Early Postnatal Exposure to Ultrafine Particulate Matter Air Pollution: Persistent Ventriculomegaly, Neurochemical Disruption, and Glial Activation Preferentially in Male Mice

@article{Allen2014EarlyPE,
  title={Early Postnatal Exposure to Ultrafine Particulate Matter Air Pollution: Persistent Ventriculomegaly, Neurochemical Disruption, and Glial Activation Preferentially in Male Mice},
  author={Joshua L. Allen and Xiufang Liu and Sean Pelkowski and Brian J Palmer and Katherine Conrad and Günter Oberdörster and Douglas Weston and Margot Mayer-Pr{\"o}schel and Deborah A. Cory-Slechta},
  journal={Environmental Health Perspectives},
  year={2014},
  volume={122},
  pages={939 - 945}
}
Background: Air pollution has been associated with adverse neurological and behavioral health effects in children and adults. Recent studies link air pollutant exposure to adverse neurodevelopmental outcomes, including increased risk for autism, cognitive decline, ischemic stroke, schizophrenia, and depression. Objectives: We sought to investigate the mechanism(s) by which exposure to ultrafine concentrated ambient particles (CAPs) adversely influences central nervous system (CNS) development… 
Neuropathological Consequences of Gestational Exposure to Concentrated Ambient Fine and Ultrafine Particles in the Mouse
TLDR
It is demonstrated that vulnerability of the brain to air pollution extends to gestation and produces features of several neurodevelopmental disorders in both sexes and the importance of the commonalities of components of particulate matter exposures as a source of neurotoxicity and common CNS alterations is highlighted.
Developmental neurotoxicity of inhaled ambient ultrafine particle air pollution: Parallels with neuropathological and behavioral features of autism and other neurodevelopmental disorders
TLDR
Findings suggest the human 3rd trimester equivalent as a period of potential vulnerability to neurodevelopmental toxicity to UFP, particularly in males, and point to the possibility that UFP air pollution exposure during periods of rapid neuro‐ and gliogenesis may be a risk factor not only for ASD, but also for other neuro developmental disorders that share features with ASD.
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TLDR
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G gestational exposure to PM2.5 leads to spatial memory dysfunction and neurodevelopmental impairment by exerting effects on apoptotic and neuroinflammatory events, as well as the neurogenesis in hippocampus of mice offspring.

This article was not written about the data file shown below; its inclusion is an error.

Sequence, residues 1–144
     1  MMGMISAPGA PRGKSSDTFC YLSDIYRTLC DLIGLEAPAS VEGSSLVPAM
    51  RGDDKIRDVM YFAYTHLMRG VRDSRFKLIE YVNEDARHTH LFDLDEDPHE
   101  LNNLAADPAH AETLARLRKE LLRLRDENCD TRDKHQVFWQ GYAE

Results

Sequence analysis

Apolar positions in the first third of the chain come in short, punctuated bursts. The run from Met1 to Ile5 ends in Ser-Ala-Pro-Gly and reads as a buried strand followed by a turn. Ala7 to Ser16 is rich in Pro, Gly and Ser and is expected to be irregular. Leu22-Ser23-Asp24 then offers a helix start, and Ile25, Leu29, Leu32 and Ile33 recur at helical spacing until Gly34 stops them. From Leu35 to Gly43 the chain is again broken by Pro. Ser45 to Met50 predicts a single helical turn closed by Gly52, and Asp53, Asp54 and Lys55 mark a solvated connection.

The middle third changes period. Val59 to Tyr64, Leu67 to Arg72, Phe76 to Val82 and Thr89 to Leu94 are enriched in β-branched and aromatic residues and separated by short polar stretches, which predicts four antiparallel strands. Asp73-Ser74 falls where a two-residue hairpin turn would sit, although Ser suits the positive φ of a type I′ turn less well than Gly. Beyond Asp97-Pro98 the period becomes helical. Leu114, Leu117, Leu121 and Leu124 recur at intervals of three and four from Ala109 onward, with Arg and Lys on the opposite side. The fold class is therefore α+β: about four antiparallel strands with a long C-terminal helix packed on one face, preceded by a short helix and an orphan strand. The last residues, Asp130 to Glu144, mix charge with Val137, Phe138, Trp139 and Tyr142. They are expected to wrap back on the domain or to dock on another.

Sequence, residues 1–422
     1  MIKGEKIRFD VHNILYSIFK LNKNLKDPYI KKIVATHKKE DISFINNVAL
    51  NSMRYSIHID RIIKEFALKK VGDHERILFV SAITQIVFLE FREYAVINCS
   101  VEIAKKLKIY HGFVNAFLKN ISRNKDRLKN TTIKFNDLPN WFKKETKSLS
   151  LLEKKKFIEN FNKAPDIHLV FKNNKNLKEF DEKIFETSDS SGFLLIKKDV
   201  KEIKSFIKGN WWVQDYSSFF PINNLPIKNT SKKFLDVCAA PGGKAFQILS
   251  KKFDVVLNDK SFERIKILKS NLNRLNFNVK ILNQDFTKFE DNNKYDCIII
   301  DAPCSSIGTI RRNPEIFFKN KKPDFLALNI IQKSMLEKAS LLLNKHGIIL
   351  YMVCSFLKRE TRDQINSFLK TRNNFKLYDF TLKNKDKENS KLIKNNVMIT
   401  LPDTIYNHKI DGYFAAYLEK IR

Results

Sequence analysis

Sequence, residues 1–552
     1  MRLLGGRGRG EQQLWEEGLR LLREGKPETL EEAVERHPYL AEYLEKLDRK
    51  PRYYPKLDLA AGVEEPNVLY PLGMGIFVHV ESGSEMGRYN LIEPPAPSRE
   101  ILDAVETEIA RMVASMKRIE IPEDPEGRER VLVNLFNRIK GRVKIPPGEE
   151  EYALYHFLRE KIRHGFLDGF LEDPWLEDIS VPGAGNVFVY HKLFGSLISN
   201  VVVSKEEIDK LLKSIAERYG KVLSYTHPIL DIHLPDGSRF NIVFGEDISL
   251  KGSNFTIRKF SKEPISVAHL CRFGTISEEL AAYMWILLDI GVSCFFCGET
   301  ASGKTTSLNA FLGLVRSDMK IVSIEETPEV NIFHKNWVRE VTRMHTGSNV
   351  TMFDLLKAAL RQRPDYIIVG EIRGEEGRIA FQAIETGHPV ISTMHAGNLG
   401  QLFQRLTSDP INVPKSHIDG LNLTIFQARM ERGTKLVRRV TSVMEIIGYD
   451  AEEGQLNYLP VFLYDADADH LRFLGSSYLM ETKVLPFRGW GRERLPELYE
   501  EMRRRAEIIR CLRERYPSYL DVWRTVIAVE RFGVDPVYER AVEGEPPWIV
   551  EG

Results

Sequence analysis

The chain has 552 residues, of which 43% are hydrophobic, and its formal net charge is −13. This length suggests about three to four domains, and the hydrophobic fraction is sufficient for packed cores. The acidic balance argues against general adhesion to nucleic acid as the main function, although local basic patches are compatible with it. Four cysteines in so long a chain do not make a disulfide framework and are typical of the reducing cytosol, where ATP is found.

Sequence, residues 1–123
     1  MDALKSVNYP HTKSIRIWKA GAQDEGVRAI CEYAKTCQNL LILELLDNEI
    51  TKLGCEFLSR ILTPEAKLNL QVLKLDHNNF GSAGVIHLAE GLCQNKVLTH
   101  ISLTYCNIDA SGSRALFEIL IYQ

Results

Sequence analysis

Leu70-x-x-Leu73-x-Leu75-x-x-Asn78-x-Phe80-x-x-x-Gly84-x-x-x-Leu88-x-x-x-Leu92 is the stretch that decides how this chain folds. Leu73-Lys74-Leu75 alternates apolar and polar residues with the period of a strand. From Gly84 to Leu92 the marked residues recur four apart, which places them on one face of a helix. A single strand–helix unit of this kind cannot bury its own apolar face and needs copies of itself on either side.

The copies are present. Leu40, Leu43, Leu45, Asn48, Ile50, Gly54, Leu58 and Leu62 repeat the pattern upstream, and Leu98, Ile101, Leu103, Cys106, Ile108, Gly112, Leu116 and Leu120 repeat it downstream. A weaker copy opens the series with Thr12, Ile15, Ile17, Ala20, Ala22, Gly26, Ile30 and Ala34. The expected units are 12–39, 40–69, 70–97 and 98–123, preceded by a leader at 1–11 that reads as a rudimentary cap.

Effects of early life exposure to traffic-related air pollution on brain development in juvenile Sprague-Dawley rats
TLDR
Exposure to real-world levels of TRAP during gestation and early postnatal development modulate neurodevelopment, corroborating epidemiological evidence of an association between TRAP exposure and increased risk of NDDs.
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TLDR
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Developmental exposure to low level ambient ultrafine particle air pollution and cognitive dysfunction
TLDR
Male‐specific learning and memory‐related deficits were seen and occurred even at relatively low level developmental UFP exposures, while females show alterations in motivational behaviors but not final performance, adding to the evidence suggesting the need to regulate UFP levels.
Cognitive flexibility deficits in male mice exposed to neonatal hyperoxia followed by concentrated ambient ultrafine particles.
TLDR
Combined developmental exposures to hyperoxia and CAPS leads to protracted and enhanced learning deficits consistent with cognitive inflexibility in males exclusively, suggesting deficits in acquisition of timing of the interval.
Air Pollution-Related Brain Metal Dyshomeostasis as a Potential Risk Factor for Neurodevelopmental Disorders and Neurodegenerative Diseases
TLDR
This review summarizes the current understanding of the extent to which the inhalational or intranasal instillation of metals reproduces in vivo the shared features of NDDs and NDGDs, including enlarged lateral ventricles, alterations in myelination, glutamatergic dysfunction, neuronal cell death, inflammation, microglial activation, oxidative stress, mitochondrial dysfunction, altered social behaviors, cognitive dysfunction, and impulsivity.
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Ultrafine particles (less than 100 nm in diameter) are encountered in ambient air and at the workplace. Normal background levels in the urban atmosphere for ultrafine particles are in the range 1–4 ×
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